Hillary was murdered in July 1993. She was just 13 years old.
She was a beloved but typical teenager girl. She loved to shop. She was tiny – only a size zero. She was stabbed 13 times. How could the killer have found 13 places on her little body?
She was very compassionate, if someone confided in her, she would always keep their trust – an amazing quality for one so young. She never talk about others.
She was the only child at home at that time with mom Marsha. She was just old enough that Mom had just started to let her spread her wings. They had been inseparable until then. Hillary was clearly just a very responsible, very trustworthy little girl.
Hillary had been a model as a young girl. She had done fashion shows, and had been in some print ads. She was a head-turner! Hair below her waist. Gorgeous big brown eyes, pretty brown hair. People would stop Marsha and Hillary in the street to comment on how pretty she was.
Hillary was learning to dance and how to be sociable. She had been shy but was just at that time in her life just starting to bloom, just starting to come into herself and her own personality.
Marsha worked very hard to make sure justice was one in this case, and is profoundly concerned that the legal agreement that the killer signed onto to avoid the death penalty all those years ago, could now be undone. Her only concern is the predatory danger he poses to the rest of the community. He must never be released.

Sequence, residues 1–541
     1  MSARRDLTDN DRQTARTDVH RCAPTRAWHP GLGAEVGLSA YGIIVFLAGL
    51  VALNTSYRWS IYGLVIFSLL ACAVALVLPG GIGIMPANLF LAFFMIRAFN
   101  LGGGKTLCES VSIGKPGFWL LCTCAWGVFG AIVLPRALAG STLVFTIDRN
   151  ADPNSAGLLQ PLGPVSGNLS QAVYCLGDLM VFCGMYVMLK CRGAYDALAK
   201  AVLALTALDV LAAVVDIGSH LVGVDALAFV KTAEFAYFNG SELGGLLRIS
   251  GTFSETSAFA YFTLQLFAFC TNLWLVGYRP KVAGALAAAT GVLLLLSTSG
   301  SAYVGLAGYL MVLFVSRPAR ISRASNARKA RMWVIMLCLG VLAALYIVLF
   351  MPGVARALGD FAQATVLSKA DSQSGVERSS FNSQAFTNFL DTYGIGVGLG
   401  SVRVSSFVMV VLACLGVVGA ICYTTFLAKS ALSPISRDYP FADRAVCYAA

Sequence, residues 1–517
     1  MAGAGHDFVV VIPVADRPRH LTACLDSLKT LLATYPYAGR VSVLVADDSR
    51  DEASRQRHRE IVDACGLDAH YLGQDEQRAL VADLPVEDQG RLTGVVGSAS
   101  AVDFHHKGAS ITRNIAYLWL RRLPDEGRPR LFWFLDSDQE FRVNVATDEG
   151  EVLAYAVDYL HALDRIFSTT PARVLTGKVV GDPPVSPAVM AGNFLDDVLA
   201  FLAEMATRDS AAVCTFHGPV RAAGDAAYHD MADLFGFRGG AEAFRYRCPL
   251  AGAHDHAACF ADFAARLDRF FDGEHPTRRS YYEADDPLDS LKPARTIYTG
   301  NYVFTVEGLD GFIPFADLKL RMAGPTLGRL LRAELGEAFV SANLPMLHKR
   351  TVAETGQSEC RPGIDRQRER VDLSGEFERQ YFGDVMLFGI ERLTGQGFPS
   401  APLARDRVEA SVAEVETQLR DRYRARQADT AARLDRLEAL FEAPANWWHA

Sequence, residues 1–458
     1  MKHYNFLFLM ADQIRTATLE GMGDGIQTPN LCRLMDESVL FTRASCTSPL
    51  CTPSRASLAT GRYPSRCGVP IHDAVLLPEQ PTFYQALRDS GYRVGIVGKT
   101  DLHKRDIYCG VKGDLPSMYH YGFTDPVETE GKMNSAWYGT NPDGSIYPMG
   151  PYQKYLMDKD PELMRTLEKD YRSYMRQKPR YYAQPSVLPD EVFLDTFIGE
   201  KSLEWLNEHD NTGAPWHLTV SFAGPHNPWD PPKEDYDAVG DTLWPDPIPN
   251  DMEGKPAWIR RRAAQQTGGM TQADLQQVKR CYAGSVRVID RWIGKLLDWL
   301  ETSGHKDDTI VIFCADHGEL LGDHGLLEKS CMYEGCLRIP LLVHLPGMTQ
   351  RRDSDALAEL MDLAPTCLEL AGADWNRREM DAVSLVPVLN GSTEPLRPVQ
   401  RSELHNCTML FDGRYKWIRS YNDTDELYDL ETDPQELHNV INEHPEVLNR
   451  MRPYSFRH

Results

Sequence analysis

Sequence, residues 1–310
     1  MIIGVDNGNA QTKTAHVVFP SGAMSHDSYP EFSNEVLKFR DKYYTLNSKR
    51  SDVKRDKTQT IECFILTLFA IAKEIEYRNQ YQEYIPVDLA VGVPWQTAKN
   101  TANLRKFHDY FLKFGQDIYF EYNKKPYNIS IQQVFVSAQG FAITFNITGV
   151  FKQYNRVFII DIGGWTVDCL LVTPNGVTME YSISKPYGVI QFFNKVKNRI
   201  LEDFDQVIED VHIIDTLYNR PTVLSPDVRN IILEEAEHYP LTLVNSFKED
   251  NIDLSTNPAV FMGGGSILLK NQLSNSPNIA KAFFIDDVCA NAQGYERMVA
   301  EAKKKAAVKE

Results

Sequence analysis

Girl In A Hurry To Grow Up, But She Never Had A Chance
Hillary Norskog came home from junior high school early this spring sobbing so hard she had to catch her breath. Her mother, Marsha, struggled to comfort the 13-year-old girl.
A schoolmate and her brother were in a car accident, the girl told her mother after some prodding. The boy was dead; the girl was in a coma.
” `Mom,’ ” Marsha Norskog recalled her daughter telling her, ” `I never got to say the things I wanted to say to her.’ ”
Now Marsha Norskog spends hours each day in her Palos Hills home with her daughter’s many friends, teenagers torn by similar regrets as they grapple with Hillary’s violent murder.
With adolescent optimism, many say they like to imagine her still alive, in heaven.
“She’s up in this mall that never ends, with a portable phone in one hand,” said friend Jamie Hubbard, 14.
A 17-year-old acquaintance, Steven Pfiel of Palos Park, stands accused of stabbing the girl repeatedly, disfiguring the 80-pound girl so badly that officials wouldn’t let her mother identify the body.
Her body was found July 17 in a vacant lot, three days after witnesses said she left a party with Pfiel. She became the 36th child under age 15 in the Chicago area to be killed this year.
The murder of Hillary Norskog is the story of a good girl negotiating the currents of growing up, of experimenting, of finding her way in the wider world, just like millions of teens.
She was a girl who still sucked her thumb, but who-in the last few months of her life-was also drawn to a group of teens rebellious enough to make most parents leery.
It is also the story of a young man, known for chronic and minor rebellions, who was raised in a posh Palos Park home but now lives in the Cook County Jail, charged with two counts of first-degree murder and two counts of armed violence.